Macaulay is not your regular guy. Or at least that’s how the media frames it. Aside from a few film projects here and there, he is not particularly keen about rejoining the film industry. And that’s okay, because it’s not necessarily what he wants anymore.

Despite a lot of people perceiving him to be a weirdo or someone’s who’s been traumatized by his childhood, he is actually been perfectly content with his life. 

“Okay, everybody, stop acting so freaking shocked that I’m relatively well-adjusted.”

Sure, he may get up to weird activities here and there, but that’s something he accepts and admires about himself. For example, he created an online poll that allowed users to vote on a new middle name for him. (The popular option is “Macaulay Culkin’ which would make his full name be Macaulay Macaulay Culkin Culkin.) Or when he went touring across the country with a Velvet Underground cover that only sang songs about pizza.

Macaulay doesn’t hold back from being silly; that says something about how comfortable he is with himself. To be able to make jokes at one’s own expense is no small feat, and he continues to do it amusingly.

Macaulay Culkin at 39, in many ways, is no different than Macaulay Culkin at 25, or for that matter, Macaulay Culkin at 15. He is in touch with what he wants from life and does not paper over the cracks. He admits to being a fairly regular smoker and drinker. He admits to having had a drug problem. He admits to being in pain over his sister’s death eleven years ago. 

But at the end of the day, those struggles have led him to the comfort of the present day. And he couldn’t be happier. He’s now in a relationship with the lovely actress Brenda Song, and both of them share solidarity over being former child actors. They love snuggling together with their two cats, Apple and Dude, and are looking to expand their family.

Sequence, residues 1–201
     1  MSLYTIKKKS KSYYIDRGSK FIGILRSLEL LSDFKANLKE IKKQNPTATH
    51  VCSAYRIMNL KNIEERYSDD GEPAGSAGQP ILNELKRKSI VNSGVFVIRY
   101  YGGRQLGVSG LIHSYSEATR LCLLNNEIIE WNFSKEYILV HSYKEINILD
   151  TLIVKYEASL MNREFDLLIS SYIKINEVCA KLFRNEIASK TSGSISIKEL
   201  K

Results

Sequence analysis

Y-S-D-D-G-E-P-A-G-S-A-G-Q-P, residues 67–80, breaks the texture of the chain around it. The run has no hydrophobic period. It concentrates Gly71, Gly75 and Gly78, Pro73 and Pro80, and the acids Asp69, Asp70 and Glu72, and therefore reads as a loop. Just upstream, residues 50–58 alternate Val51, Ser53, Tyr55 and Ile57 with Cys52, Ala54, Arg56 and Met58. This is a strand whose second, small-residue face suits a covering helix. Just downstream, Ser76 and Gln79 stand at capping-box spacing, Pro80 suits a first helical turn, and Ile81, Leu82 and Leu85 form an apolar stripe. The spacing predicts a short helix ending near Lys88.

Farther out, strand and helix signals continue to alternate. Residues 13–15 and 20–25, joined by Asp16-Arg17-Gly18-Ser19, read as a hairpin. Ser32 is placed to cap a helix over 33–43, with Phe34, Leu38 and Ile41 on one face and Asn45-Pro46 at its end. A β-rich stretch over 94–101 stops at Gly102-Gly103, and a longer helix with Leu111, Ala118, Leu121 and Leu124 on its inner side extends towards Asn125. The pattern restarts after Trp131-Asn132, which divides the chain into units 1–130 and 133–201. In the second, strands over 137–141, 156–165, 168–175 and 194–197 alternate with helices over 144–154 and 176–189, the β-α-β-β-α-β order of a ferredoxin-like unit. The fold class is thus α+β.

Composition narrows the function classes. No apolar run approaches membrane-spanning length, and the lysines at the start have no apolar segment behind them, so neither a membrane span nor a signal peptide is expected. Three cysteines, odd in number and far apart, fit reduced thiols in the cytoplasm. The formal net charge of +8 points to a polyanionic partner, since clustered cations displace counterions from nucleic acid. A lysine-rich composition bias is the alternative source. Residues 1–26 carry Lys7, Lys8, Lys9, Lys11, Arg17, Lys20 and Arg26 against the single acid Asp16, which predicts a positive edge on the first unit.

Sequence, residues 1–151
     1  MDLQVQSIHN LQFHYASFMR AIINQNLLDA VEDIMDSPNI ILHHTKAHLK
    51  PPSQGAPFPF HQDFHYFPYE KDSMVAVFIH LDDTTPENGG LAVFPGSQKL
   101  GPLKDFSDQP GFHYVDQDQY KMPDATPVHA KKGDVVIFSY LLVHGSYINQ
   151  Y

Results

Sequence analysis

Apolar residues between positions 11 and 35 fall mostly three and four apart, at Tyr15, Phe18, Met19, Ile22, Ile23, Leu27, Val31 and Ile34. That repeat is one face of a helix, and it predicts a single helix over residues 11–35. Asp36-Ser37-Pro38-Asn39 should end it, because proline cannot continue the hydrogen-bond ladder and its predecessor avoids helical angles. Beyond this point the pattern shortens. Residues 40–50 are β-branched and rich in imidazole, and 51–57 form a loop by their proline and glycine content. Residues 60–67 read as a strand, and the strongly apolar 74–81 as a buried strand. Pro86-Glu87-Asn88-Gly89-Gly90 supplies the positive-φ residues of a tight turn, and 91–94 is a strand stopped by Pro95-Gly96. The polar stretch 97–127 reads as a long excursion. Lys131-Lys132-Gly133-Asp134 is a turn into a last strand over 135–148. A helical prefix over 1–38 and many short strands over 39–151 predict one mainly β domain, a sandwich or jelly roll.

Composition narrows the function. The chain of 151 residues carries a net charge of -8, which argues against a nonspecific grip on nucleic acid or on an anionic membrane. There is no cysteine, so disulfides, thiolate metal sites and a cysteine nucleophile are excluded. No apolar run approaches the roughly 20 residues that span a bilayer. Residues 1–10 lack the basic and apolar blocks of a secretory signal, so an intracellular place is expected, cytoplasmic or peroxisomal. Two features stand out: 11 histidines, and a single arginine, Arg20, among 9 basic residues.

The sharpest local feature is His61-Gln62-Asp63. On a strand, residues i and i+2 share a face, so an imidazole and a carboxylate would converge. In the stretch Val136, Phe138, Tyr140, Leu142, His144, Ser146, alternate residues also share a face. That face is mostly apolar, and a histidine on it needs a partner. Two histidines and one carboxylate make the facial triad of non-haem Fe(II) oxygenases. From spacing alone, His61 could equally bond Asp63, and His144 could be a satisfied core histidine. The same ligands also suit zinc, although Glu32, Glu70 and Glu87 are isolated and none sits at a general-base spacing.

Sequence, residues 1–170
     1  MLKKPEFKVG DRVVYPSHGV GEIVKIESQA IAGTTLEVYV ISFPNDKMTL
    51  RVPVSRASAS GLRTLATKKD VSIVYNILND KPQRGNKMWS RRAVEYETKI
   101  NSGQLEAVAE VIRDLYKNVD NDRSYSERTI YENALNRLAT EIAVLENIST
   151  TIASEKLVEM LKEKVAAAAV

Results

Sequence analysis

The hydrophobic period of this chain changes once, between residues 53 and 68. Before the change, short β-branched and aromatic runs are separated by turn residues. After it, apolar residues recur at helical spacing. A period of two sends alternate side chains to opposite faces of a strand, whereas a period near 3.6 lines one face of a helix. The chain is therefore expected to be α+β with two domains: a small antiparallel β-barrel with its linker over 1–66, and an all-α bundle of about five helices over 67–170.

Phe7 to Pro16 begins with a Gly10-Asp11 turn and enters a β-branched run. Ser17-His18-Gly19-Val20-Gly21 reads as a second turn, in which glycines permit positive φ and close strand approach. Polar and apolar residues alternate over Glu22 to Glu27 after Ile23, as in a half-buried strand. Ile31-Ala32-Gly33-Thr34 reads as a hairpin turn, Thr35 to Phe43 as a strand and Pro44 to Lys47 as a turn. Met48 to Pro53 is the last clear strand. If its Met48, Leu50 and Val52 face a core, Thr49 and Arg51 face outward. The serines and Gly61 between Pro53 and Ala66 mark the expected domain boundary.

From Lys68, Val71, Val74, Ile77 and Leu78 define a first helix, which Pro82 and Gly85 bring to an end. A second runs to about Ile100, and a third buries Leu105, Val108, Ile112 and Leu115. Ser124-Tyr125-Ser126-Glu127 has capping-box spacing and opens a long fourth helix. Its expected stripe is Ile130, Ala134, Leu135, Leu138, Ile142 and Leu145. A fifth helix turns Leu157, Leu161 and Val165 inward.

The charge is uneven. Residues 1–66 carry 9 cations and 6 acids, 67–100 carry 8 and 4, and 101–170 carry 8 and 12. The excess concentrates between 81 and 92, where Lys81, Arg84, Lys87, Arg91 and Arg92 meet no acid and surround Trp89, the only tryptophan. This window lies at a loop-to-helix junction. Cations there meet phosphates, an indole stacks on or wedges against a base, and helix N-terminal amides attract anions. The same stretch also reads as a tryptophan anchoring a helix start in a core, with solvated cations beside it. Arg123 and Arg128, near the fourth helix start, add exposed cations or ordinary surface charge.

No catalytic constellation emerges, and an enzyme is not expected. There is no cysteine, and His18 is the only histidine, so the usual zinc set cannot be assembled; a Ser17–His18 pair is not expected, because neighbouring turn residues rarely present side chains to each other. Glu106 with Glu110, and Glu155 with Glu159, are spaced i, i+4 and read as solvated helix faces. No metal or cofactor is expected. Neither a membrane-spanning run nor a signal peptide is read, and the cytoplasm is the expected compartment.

The wonders of routine

“There were certain times when I had to catch myself, once or twice. You’re having too good a time, Mack.”

Macaulay Culkin to Esquire

Nowadays, Macaulay loves taking baths, recording podcasts and playing video games — when most of your life has been a whirlwind, it can be a major relief to take it easy and appreciate life for what it is. 

Furthermore, while he admits that he has lived through a lot of trauma, he still took a more positive interpretation of his past. “But: It coulda been worse, you know?” Macaulay states. “I wasn’t working in a coal mine. I wasn’t a child soldier. My father was not sexually abusing me. Certain fucked-up things happened, but fucked-up things happen to kids all the time and they don’t come out the other end.Now, he is even grateful for it all, even if it wasn’t easy.”

It took me a long time to get to that place, and I had to have that conversation with myself and go, like, Honestly, Mack? It’s not so bad. I want for nothing and need for even less. I’m good, man.

Macaulay Culkin to Esquire

Maturity is an abstract concept; it emerges due to both age and experience. Or it can be lightning in a bottle; once you capture it, it can be yours to keep. But mostly, it is immensely connected to how empowered we are in being able to own up to our past experiences and admit how they played a role in shaping us as we are today. If Culkin can find pleasures in the small moments, then we can also show our love for those simple pleasures.